Overall, the growth rate of spending decelerated last year, in spite of the costs involved in the operations in Syria, Yemen and elsewhere. IISS says that regional defence spending rose by 1.2 per cent in 2015, after taking into account inflation and exchange rate changes.
In dollar terms the amount actually fell, from $212bn in 2014 to $205bn last year, as a result of the fall in value of some of the regions currencies against the dollar. Figures come with a significant health warning, though, given the secrecy surrounding military budgets in most countries.
The Middle East is getting harder to assess and to estimate the spending, says Giri Rajendran, research associate for defence and economics at IISS. There are more countries in turmoil which means budgetary documentation is getting poorer. Our estimate is that, from the Arab Spring in 2011 until 2014 spending was increasing at about 10 per cent per annum. Last year in 2015 we think it decelerated quite considerably to 1 or 2 per cent [growth].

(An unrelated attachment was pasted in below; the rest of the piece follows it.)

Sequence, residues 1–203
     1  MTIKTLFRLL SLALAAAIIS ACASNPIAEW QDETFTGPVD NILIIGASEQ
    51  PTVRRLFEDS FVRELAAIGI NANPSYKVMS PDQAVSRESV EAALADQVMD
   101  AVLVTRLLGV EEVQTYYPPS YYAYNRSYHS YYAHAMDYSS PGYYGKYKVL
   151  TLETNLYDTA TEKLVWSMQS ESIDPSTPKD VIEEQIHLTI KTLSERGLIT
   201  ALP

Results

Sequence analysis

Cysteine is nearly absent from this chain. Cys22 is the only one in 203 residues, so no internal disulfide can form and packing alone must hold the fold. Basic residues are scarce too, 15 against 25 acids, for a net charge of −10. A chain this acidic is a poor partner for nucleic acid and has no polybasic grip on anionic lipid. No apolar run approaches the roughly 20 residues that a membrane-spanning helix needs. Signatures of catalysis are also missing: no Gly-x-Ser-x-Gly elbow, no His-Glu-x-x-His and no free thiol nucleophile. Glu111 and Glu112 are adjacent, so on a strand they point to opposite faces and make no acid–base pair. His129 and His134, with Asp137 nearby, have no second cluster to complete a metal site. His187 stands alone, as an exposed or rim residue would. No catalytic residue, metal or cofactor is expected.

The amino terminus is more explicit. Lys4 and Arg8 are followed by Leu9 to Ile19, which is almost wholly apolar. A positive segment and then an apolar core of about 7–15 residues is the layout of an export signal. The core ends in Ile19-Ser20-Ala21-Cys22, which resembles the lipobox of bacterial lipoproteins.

Overall spending in the region is still dominated by Saudi Arabia, which has the third largest defence budget in the world, behind only the US and China.
Riyadhs $81.9bn outlay is now equivalent to 13 per cent of the countrys GDP and makes up 42 per cent of the total military spend across the entire Middle East and North Africa (Mena) region.
The next largest military spending programme is Iraqs, at $21.1bn, followed by Israel with $18.6bn and Algeria with $10.8bn. Among the remaining GCC states, the biggest spenders are the UAE and Oman.
One country which is likely to be eyeing an increase in military spending in the years ahead is Iran. Secondary economic sanctions imposed on the country as a result of its nuclear programme were lifted in January, in the wake of the implementation of the Joint Comprehensive Plan of Action (JCPOA) with the EU, US, Russia and others.
Some sanctions remain, however, notably on the sale of military weapons. These will remain in place for a further five years in the case of conventional arms and for eight years in the case of ballistic missiles and related technology.